WRITTEN AT THE REQUEST OF A GENTLEMAN, TO WHOM A LADY HAD GIVEN A SPRIG
OF MYRTLE [a].
What hopes, what terrours, does thy gift create!
Ambiguous emblem of uncertain fate!
The myrtle (ensign of supreme command,
Consign’d by Venus to Melissa’s hand)
Not less capricious than a reigning fair,
Oft favours, oft rejects, a lover’s pray’r.
In myrtle shades oft sings the happy swain,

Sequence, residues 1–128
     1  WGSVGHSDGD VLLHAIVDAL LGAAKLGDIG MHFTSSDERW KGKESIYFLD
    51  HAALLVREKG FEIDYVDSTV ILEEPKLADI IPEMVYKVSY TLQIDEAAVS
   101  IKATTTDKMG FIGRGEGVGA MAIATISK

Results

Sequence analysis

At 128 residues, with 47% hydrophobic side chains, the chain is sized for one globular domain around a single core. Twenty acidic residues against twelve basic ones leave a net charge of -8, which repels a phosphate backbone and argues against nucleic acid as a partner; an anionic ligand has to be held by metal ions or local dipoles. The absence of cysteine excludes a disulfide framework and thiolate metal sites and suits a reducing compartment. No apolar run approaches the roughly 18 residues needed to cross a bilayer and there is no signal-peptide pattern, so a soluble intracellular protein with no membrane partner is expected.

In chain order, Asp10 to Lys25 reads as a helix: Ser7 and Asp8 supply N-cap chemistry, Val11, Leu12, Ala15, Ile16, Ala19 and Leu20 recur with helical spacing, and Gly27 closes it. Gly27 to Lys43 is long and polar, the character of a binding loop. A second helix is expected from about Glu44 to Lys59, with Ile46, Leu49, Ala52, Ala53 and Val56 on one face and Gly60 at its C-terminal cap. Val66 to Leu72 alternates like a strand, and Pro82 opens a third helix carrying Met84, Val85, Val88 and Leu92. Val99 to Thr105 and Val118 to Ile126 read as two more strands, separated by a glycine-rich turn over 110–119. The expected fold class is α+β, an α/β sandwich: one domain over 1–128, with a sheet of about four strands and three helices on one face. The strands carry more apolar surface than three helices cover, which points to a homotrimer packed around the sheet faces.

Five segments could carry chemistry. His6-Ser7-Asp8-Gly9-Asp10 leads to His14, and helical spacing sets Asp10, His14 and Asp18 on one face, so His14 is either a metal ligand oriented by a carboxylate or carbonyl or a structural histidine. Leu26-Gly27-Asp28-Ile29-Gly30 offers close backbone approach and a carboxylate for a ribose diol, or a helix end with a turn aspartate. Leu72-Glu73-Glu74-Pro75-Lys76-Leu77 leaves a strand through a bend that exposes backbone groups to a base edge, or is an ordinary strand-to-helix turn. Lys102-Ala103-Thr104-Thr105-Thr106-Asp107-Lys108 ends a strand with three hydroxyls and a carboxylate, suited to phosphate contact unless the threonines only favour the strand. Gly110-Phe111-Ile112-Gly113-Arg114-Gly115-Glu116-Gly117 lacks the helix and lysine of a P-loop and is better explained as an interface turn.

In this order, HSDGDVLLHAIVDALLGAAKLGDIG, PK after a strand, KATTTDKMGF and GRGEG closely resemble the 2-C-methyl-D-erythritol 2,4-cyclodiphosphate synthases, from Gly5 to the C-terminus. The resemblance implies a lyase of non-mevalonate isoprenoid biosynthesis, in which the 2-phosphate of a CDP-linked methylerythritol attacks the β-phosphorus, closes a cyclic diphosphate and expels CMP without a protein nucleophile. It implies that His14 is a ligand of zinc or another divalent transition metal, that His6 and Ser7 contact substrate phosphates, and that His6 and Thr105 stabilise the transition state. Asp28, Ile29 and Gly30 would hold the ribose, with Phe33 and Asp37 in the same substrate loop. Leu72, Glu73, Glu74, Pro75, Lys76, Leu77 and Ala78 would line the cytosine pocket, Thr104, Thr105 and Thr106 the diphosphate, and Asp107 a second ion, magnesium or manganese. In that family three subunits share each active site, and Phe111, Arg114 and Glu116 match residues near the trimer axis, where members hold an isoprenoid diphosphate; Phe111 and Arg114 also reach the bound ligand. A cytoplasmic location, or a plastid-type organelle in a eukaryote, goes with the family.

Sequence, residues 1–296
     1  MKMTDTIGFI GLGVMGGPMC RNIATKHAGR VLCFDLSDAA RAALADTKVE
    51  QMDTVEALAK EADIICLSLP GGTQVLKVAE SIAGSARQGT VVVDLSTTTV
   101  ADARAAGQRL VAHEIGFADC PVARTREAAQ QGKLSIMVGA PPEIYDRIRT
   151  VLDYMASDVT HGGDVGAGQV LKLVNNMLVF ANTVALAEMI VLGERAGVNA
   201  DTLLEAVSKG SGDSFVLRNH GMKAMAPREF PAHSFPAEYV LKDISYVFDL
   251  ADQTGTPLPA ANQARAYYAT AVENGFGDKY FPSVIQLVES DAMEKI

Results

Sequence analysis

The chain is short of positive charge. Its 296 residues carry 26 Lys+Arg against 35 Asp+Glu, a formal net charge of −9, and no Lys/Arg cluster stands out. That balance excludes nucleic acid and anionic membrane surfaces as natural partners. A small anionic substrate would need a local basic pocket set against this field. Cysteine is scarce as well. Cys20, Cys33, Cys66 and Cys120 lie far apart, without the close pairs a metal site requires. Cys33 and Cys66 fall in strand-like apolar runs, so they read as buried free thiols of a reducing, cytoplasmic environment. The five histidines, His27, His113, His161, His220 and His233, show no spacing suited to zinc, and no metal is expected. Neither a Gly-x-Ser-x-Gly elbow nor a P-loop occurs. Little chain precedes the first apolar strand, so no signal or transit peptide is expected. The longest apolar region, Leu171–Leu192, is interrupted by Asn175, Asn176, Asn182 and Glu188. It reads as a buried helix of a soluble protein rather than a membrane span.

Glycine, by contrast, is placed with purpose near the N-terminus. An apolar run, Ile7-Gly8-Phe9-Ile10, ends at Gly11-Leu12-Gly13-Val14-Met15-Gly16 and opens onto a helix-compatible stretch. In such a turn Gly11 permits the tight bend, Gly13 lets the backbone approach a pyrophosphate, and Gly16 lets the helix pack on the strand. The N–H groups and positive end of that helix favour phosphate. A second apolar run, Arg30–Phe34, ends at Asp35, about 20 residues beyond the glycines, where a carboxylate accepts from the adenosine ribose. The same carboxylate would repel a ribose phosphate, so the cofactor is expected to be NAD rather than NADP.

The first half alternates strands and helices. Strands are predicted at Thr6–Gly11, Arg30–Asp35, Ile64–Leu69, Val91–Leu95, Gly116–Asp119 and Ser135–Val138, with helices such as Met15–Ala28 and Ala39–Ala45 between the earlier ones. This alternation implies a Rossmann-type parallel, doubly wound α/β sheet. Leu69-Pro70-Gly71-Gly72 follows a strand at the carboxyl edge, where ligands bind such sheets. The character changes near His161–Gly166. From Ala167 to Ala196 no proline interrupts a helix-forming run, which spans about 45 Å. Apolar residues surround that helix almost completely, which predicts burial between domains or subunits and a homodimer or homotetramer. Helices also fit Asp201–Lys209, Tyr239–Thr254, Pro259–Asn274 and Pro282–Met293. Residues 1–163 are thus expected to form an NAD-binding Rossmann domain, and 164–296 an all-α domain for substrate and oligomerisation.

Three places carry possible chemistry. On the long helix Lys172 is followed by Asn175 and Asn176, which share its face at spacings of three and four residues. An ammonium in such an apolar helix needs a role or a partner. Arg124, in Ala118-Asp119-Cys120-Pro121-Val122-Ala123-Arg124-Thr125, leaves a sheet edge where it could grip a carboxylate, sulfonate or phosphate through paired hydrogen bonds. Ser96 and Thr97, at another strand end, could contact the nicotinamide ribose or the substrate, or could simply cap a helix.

In myrtle shades despairing ghosts complain.
The myrtle crowns the happy lovers’ heads,
Th’ unhappy lovers’ graves the myrtle spreads.
Oh! then, the meaning of thy gift impart,
And ease the throbbings of an anxious heart.
Soon must this bough, as you shall fix its doom,
Adorn Philander’s head, or grace his tomb.
[a] These verses were first printed in the Gentleman’s Magazine for 1768, p. 439, but were written many years earlier. Elegant as they are, Dr. Johnson assured me, they were composed in the short space of five minutes.–N.